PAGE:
call recognition.16 He illustrates this out against its background or the
with an example that shows two way qualities come together to crea-
important characteristics of the ico- te a form: rounded-off, closed, sym-
nic function. Deacon takes an exam- metrical, etc. (fig. 6). According to
ple from the animal world that could Deacon, Prgnanz phenomena are
also apply to human beings. A moth forms of iconic significance, but they
has landed on a tree and a bird does are not the most fundamental kind.
not distinguish its outspread wings As the example of the moth on the
from the tree trunk. The bird sees tree illustrates, even the perception
them as bark. That means the wings of something vague and without
are seen and they are seen as some- contours, or a continuum, is an ico-
thing. We might think that they have nic perception. Thus the perception
been mistaken for something else, of spatial and temporal continuity
but this closure of the field of vision (Kants forms of intuition) is iconic. Fig. 7: Marc Tobey: Edge of August, 1953, in:
to a continuous level is an iconic Images are visible icons, but there Marc Tobey. A Centennial Exhibition. Galerie
sign, even though we are looking are also icons that are perceived Beyeler 1990 4
Art as Science | Science as Art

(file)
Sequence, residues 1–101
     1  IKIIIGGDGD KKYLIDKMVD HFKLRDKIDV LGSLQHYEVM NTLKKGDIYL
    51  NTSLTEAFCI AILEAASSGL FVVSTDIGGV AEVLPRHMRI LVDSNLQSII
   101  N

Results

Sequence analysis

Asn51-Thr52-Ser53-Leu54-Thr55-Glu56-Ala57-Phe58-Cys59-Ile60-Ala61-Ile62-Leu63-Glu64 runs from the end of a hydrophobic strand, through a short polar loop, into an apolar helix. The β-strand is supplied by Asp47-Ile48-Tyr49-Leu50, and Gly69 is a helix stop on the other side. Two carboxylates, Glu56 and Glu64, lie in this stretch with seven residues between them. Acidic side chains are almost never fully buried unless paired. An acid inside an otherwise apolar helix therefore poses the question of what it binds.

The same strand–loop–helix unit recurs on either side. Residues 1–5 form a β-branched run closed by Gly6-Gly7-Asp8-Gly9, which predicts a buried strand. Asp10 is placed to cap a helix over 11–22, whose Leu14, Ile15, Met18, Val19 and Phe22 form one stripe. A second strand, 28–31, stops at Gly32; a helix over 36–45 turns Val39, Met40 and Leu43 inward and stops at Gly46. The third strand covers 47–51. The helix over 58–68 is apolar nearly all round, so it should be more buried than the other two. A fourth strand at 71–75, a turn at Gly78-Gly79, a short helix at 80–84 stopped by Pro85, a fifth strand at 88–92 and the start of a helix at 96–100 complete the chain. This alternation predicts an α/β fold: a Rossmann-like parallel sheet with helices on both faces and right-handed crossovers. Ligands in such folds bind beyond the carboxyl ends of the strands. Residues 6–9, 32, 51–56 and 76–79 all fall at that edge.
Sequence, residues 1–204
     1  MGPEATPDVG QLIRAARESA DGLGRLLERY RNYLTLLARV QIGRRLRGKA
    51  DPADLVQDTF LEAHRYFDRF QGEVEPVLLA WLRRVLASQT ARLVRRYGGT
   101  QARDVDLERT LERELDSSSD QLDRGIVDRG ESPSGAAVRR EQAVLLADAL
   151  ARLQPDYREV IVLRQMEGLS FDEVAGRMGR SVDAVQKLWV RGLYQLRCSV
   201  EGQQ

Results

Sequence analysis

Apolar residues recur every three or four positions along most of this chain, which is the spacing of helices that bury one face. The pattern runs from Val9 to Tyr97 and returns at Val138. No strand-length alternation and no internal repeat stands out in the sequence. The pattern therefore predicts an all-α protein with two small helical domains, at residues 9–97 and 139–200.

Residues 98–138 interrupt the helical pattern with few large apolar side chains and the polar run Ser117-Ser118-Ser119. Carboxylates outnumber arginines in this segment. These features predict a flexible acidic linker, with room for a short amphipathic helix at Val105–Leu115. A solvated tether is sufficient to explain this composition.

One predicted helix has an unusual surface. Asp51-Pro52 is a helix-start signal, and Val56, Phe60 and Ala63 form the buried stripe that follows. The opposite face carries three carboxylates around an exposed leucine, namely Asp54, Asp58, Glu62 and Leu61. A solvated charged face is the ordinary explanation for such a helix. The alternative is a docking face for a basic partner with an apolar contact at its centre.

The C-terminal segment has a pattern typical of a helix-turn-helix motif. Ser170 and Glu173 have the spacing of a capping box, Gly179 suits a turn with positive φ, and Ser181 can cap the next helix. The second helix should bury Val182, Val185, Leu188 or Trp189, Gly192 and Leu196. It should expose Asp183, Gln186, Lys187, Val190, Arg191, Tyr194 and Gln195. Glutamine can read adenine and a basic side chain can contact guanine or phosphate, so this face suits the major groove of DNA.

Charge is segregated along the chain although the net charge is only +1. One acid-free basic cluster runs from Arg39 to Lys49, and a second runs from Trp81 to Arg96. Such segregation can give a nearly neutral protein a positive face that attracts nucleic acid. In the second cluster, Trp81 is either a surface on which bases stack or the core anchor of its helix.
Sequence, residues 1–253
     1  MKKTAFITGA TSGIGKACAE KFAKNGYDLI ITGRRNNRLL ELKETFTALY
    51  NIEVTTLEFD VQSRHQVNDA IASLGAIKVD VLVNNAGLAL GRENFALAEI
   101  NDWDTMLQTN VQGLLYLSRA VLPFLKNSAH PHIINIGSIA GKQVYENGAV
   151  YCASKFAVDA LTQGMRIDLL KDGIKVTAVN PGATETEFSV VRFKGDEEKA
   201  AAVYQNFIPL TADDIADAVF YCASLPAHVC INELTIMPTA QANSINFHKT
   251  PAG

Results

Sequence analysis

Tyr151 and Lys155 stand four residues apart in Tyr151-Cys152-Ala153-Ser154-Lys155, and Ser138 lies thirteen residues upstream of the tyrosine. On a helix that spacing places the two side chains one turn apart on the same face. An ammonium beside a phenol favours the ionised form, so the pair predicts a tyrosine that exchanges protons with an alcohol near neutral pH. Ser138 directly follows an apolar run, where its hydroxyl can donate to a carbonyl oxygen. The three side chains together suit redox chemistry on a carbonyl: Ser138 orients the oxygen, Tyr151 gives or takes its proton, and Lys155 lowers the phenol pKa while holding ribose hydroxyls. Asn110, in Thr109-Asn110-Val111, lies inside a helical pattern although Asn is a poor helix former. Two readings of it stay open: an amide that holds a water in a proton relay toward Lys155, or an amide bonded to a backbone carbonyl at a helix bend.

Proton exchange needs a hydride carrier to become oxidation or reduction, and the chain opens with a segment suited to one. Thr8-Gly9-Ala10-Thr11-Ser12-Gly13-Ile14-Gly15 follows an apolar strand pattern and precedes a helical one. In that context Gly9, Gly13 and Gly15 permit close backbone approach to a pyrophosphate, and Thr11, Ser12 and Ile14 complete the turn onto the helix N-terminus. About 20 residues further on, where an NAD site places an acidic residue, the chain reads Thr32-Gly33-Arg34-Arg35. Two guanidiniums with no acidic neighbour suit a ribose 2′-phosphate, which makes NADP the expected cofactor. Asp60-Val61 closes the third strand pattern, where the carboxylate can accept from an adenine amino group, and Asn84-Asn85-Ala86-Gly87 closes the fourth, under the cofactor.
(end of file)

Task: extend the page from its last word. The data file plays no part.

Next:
footsteps of someone we know (and

can identify in the dark).23 These per-
ceptions of characteristics are vague
uniform phenomena, similar to the
bark of the tree in Deacons exam-
ple. Iconic signs can also be found in
the animal world, and Deacon claims
that it is not what we call cons-
ciousness that differentiates human
beings from animals (animals also
have consciousness), but the signs
that human beings recognise: for Fig. 10: Sonographie II. In: Dr. med. Gerd
Brehm: Tumor-Ultraschalldiagnostik. Ein Atlas
Fig. 8: Aaron Siskind: Chicago 224, 1953. David human beings iconic signs take on a
zur Diagnose, Differentialdiagnose und Verlaufs-
Anfam: Abstract Expressionism, London 1994. symbolic [non-intuitive] meaning. kontrolle in Klinik und Praxis. Stuttgart
Normally we seldom experience
vague perceptions or at least we do
and ambiguous are seen as being not experience them for very long,
full of atmosphere and sometimes because they soon acquire symbolic tion. An ultra-sound image (fig. 9) is
threatening. meaning. We experience vagueness reliable because it is also an index:
In Icon & Idea, Read endorsed the only if we make an effort, through that is, it is physically connected
principal thoughts of the philosopher the attempt to not perceive some- with an organ (fig. 10). According to
Ernst Cassirer, who never made thing along with its symbolic associa- experts, modern diagnostic imaging
modern art an actual subject of his tions. We do not see a vague brow- has now become the most impor-
work.21 However, as early as the nish surface; we immediately see tant method for making precise dia-